# Does regularity of a prime ideal in the fibre imply regularity of the prime?

Recall that a prime $\mathfrak{p}$ is called nonsingular (regular) if the localization at that prime is a regular local ring. If all primes of a ring $R$ are nonsingular, $R$ is called regular. Let $S\subseteq R$ be a ring extension, and let $\mathfrak{q}$ be a prime ideal of $S$. Then $R$ is called regular above $\mathfrak{q}$ if any prime contracting to $\mathfrak{q}$ is nonsingular.

Recall that a ring $R$ is said to have regular fibre over $\mathfrak{q}$ if the scheme-theoretic fibre $R\otimes_S \frac{S_\mathfrak{q}}{\mathfrak{q}S_\mathfrak{q}}=R\otimes_S \kappa(\mathfrak{q})$ is regular.

Are these conditions equivalent? There is an obvious implication that regularity above $\mathfrak{q}$ implies regularity of the fibre, but the converse is not obvious to me. If it's not true in general, is it true when $R$ is a subring of a number field and $S=\mathbf{Z}$ (with $\mathfrak{q}$ a nonzero prime)?

First note that it is not true that regularity above $\mathfrak q$ implies regularity of the fibre.

For example, consider the map $\mathbb k[s] \to \mathbb k[t]$ given by $s \mapsto t^2$. Each prime in $k[t]$ is regular, and so in particular each prime of $k[t]$ above the prime $(s)$ is reqular. (In fact there is just one of them, namely $(t)$.) On the other hand, the fibre over $(s)$ is the ring $k[t]/(t^2)$, which is a non-regular local ring.

If you want an arithmetic example instead, consider the inclusion $\mathbb Z \subset \mathbb Z[i]$, and take the prime $\mathfrak q = (2)$ downstairs, which has a unique prime $(1+i)$ lying over it. Again, every prime in the PID $\mathbb Z[i]$ is regular, but the fibre $\mathbb Z[i]/2 = \mathbb Z[i]/(1+i)^2$ is a non-regular local ring.

(The general phenomenon is that a map $X \to Y$ between smooth spaces can have non-smooth fibres: these occur at the critical points of the map.)

As for your question, your asking if the fact that a map $X\to Y$ has a smooth fibres over some point implies that the target is smooth at that point.

This is also false in general.

Consider for example the identity map $k[t^2,t^3] \to k[t^2,t^3]$. The fibre over $(t^2,t^3)$ is just $k$, which is a regular local ring. But $K[t^2,t^3]$ is not regular at $(t^2,t^3).$ (Of course this example is cheap, but its existence foreshadows the existence of many other counterexamples, for example for any etale map $k[t^2,t^3] \to R$, of which there are many non-trivial examples, as well as my trivial example.)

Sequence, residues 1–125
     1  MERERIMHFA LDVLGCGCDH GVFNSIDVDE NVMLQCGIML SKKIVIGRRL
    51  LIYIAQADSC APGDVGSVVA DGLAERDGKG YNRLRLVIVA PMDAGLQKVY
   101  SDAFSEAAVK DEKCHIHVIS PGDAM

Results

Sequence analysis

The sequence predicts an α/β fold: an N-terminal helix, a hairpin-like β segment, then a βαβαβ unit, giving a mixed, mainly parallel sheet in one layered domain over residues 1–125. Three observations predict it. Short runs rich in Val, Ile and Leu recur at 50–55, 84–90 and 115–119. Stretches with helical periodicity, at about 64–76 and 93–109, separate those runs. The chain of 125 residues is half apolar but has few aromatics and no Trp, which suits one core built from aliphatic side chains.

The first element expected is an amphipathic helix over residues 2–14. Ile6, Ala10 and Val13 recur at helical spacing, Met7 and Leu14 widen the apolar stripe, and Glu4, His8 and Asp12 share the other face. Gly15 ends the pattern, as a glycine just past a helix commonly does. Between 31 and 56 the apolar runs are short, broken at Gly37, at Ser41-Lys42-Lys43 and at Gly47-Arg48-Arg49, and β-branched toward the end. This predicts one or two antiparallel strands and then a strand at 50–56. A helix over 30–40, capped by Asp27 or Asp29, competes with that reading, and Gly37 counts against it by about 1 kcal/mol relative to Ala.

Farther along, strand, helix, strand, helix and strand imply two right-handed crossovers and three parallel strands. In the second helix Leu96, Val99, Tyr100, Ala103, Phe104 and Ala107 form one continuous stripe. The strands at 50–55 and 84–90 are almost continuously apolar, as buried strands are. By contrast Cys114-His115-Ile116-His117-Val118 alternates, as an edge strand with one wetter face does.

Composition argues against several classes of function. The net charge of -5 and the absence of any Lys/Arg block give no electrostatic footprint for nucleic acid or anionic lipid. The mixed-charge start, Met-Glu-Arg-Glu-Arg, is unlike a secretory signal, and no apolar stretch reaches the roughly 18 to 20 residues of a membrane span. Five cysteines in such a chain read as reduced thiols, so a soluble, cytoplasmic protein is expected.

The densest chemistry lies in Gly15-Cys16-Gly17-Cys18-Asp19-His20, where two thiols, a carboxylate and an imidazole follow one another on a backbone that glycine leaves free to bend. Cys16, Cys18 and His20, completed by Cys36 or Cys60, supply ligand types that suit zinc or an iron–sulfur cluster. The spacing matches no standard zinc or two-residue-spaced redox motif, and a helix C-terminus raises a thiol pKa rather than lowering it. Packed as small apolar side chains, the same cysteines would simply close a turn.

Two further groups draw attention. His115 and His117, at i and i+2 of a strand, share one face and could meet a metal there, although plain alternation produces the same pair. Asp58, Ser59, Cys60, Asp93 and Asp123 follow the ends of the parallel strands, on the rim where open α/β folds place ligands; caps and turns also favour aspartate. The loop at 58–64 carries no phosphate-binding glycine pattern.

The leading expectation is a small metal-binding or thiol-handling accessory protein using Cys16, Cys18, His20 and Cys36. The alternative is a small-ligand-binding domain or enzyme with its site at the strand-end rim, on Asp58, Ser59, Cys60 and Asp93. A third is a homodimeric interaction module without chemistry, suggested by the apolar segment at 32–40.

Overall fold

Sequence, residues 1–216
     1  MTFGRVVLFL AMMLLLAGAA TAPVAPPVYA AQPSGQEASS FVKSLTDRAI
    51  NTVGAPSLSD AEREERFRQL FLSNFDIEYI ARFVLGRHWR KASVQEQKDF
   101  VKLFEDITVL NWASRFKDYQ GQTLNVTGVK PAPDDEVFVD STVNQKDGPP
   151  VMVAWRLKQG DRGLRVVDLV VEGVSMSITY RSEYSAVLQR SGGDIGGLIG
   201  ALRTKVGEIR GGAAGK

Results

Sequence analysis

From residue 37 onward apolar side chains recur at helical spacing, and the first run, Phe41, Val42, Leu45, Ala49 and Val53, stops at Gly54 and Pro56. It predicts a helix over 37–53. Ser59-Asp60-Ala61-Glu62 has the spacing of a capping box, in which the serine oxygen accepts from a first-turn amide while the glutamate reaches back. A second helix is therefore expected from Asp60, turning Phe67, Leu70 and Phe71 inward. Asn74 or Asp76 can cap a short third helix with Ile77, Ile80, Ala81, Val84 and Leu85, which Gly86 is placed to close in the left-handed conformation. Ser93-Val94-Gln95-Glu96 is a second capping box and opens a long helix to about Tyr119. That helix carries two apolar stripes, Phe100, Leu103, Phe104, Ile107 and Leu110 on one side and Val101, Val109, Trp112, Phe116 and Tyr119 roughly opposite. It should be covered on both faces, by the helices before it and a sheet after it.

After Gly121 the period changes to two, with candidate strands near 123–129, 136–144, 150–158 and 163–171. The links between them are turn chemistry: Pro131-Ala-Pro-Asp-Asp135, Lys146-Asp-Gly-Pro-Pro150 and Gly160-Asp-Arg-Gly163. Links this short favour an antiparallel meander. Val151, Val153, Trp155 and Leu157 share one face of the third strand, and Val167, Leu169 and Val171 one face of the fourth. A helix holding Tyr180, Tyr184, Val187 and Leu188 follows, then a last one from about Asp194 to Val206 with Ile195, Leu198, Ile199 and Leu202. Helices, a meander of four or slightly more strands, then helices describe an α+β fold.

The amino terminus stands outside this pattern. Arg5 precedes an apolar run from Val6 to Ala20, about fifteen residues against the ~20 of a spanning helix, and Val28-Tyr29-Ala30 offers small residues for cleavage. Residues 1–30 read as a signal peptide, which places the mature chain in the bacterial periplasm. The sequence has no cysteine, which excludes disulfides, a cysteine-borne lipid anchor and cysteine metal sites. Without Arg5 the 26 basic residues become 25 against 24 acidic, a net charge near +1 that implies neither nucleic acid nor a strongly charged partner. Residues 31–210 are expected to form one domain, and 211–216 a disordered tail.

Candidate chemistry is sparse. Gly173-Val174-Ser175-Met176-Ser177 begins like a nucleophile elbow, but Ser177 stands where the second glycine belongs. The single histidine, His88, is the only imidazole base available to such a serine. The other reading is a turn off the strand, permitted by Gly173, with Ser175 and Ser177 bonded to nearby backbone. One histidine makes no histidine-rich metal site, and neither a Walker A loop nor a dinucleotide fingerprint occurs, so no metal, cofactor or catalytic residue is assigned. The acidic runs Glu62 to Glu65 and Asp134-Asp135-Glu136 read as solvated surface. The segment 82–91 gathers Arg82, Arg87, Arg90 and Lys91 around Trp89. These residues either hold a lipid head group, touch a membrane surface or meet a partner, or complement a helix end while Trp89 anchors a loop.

On the other hand, when the base is Spec $\mathbb Z$, which is very nicely behaved (regular, Noetherian, excellent, perfect residue fields, ... ), if the map $X \to$ Spec $\mathbb Z$ is flat and of finite type (e.g. arising from an inclusion $\mathbb Z \subset R$ of the form you envisage) then having regular (and hence smooth) fibre at one point implies being smooth in a neighbourhood of that point, and a smooth map over a regular base has a regular total space --- thus $X$ will be regular in a neighbourhood of the regular fibre. In particular, the points of the regular fibre will themselves be regular in $X$.

In particular, in your special case $\mathbb Z \subset R$, the answer is "yes".

Edit: I should note that in your situation, where $R$ is a subring of a number field, this "yes" is easily proved directly: one combines the fact that $R/\mathfrak q$ is regular with the fact that it is a priori finite (in cardinality) to see that it is a product of finite field extensions of $\mathbb Z/\mathfrak q$, and hence that the completion of $R$ at $\mathfrak q$ is a product of DVRs, and hence that $R$ is a DVR --- and thus regular --- after localization at each prime above $\mathfrak q$. The point of the more highbrow explanation above is to indicate how one thinks about such questions geometrically --- which is normally the easiest way to see what should be true and what should be false for these kinds of questions.

• Matt, beautiful answer, as usual! Oct 16 '10 at 3:02
• Harry, the general principle underlying Matt's answer is that if $f:X \rightarrow S$ is an flat map of finite type between noetherian schemes then for many interesting "homological" properties $P$ of local noetherian rings the validity of $P$ for $O_{X,x}$ is equivalent to the same for $O_{S,s}$ and $O_{X_s,x}$ together, where $s = f(x)$. This is just a principle rather than a "meta-theorem" (whatever that may mean), but it (or a mild variant) is true for many $P$. Look at the section "flatness and fibers" in Matsumura's "Commutative Ring Theory" for examples (including regularity). Oct 16 '10 at 3:17

How about we try the simple case $R=S$ and the identity map. Let $\mathfrak q$ be a singular prime. The fibre over $\mathfrak q$ is $\kappa (\mathfrak q)$ which is regular (it is a field) but $R_{\mathfrak q}$ is not regular.

Edit: let me add a few more details since my original terse answer hardly deserves the upvotes! Let $P$ be the set of primes in $\text{Spec}(R)$ which contracts to $\mathfrak q$ (the set-theoretic fibre). Your first condition says that:

(1) $R_{\mathfrak p}$ is regular for all $\mathfrak p \in P$.

while the second says:

(2) $R_{\mathfrak p}/\mathfrak qR_{\mathfrak p}$ is regular for all $\mathfrak p \in P$.

So you can see where the problems come from: in general, for a local ring $R$, regularity of $R$ has nothing to do with regularity of $R/I$ for some ideal $I$, unless if $I$ is very special. That is how I think about the counter-examples, hopefully it helps.

• Dear Long, We gave the same counterexample! What does it say about mathematicians' training that the first map we consider is always the identity map? Best wishes, Matt Oct 16 '10 at 2:54
• (-;, we are simple folks. Oct 16 '10 at 3:01